Also, while I loved the long-tracking shot, it exhausted me. You underestimate the time that establishing shots and cuts to different locations allow your brain to reset. I think you need this time to reset. You literally cannot look away from the screen for a moment because you’ll miss something.Sure, this makes the movie more engaging but it also makes it more labour-intensive. This movie also needed a 20 minute haircut on its runtime. There was a point where I was wishing, willing this movie to end. The story had been told, all the tension was out but it carried on and I really started to resent it.

Overall, Birdman is an amazing movie, probably a future classic for its direction and self-awareness but it’s far too long and the acting is severely over-hyped. It’s worth a watch but I don’t think it’s this untouchable masterpiece that everybody claims. 7/10

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7 thoughts on “Birdman Review

  1. Birdman is one of my faves from 2014. I have to disagree with you about the acting. In particular, I thought Norton was spectacular, giving one of his best performances to date. In fact, I thought the whole cast nailed it. The runtime also worked for me because I felt like the film had things to say and it said them well throughout.

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    1. Well I understand your praise for the acting but it was lacking for me. The runtime was also a bit excessive. I think by the last twenty minutes the movie had run out of steam.

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  2. Birdman is a movie by artists for artists. As someone who’s been heavily involved in film spaces and theatre spaces to a far smaller degree, Birdman hit home on a lot of things for me.

    Two of my friends who aren’t creatives and saw it with me didn’t enjoy it at all.

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  3. Birdman had to be an achievement in layered storytelling. And I’m not referring to the long take. I’ve seen it before in Gravity. Same DOP.

    Riggan Thomson is a delusional and schizophrenic individual haunted by a fictional character he used to portray in the movie blockbusters many years ago. Really Birdman is Riggan himself. Mocking him every chance he gets. It’s like the little inner voice that each one of us possesses.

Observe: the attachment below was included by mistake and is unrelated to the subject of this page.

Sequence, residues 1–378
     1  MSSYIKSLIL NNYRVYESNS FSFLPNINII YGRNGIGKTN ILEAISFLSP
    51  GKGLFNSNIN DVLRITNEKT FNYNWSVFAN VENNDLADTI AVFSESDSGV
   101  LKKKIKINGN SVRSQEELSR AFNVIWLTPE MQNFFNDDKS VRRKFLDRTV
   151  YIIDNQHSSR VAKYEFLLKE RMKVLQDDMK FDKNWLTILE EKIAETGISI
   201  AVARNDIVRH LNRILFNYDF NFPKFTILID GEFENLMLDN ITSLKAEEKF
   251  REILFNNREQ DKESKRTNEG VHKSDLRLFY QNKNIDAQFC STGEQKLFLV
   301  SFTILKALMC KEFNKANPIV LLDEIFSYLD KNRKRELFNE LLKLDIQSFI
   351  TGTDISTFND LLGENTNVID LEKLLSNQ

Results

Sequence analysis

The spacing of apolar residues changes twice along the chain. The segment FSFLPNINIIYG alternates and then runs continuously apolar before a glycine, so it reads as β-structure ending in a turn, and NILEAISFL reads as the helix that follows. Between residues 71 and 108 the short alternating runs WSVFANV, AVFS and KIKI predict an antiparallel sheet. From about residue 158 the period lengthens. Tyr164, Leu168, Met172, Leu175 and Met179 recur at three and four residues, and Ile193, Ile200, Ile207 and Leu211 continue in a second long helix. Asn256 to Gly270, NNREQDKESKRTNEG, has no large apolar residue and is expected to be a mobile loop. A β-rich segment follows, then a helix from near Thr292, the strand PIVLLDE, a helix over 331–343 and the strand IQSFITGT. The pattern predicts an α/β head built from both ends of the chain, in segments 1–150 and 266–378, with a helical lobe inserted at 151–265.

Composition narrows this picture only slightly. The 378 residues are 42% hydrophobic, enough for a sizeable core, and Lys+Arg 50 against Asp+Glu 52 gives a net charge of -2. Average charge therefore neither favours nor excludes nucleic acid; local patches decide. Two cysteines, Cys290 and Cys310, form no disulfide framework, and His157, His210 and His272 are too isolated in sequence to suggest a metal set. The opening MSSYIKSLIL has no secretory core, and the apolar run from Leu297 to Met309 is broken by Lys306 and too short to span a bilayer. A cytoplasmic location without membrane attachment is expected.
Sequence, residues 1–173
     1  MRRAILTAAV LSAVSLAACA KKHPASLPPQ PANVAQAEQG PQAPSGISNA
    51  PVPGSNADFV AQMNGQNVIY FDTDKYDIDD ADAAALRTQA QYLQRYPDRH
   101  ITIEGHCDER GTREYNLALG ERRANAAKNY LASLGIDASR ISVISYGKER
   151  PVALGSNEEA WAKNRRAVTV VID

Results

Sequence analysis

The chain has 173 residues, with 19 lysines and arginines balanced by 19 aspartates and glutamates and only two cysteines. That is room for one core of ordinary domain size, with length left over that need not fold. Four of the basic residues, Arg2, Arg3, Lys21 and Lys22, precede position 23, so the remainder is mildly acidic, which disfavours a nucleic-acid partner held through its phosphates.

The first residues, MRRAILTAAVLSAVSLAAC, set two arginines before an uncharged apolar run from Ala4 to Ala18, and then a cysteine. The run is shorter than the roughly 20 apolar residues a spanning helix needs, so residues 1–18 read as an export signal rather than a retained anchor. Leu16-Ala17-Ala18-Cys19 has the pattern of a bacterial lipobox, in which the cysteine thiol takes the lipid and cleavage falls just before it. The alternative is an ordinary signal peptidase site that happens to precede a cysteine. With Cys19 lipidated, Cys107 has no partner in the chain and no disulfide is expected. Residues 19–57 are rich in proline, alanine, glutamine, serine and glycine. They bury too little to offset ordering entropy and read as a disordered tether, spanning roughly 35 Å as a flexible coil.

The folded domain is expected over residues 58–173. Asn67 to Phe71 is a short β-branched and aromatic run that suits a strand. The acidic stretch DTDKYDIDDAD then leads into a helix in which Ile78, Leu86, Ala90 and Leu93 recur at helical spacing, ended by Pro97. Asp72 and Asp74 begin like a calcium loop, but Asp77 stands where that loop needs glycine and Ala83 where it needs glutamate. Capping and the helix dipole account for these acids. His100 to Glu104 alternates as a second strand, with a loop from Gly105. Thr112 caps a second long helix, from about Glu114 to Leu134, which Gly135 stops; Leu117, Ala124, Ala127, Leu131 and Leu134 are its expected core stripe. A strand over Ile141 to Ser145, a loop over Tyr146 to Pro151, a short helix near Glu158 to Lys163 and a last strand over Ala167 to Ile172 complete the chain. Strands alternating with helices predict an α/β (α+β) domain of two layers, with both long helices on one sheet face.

But Riggan can actually see his inner voice. Following him around everywhere. The movie had a controversial ending, which none of you are discussing here.

    Riggan leaped out at the hospital ledge. Seconds later Sam finds the room empty, the window opened and looks down, seems to not find anything worth noticing then gives us the impression that there is an object in the sky that amuses her. The end.

    Did Riggan die? Did he become a manifestation of Birdman? Did he soar?

    Also on opening night, an unusually relaxed Riggan tells his ex-wife about Birdman, but addresses him as a ‘voice’. He recalls himself committing suicide by drowning himself in the sea when the jellyfish attacked him. Some people believe Riggan died that night and everything that is happening from that point on is nothing but an afterlife thought of what he would have wanted to happen. Notice the jellyfish flashbacks after he shoots his nose off.

    Tabitha Dickinson is evil and swore on killing his play. She would have never written that review. Ever.

    I think Sam Thomson and Mike Shiner gave an excellent performance. They gave out beautiful and intense cross-talking scenes.

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    1. I think it defintely is a great layered story but I think it was lacking some true acting class. I definitely agree that perhaps the entire movie is simply a delusion that Riggan is having because of the close similarities between Riggan’s life and the actual play. I definitely need to watch this movie again to properly analyse it.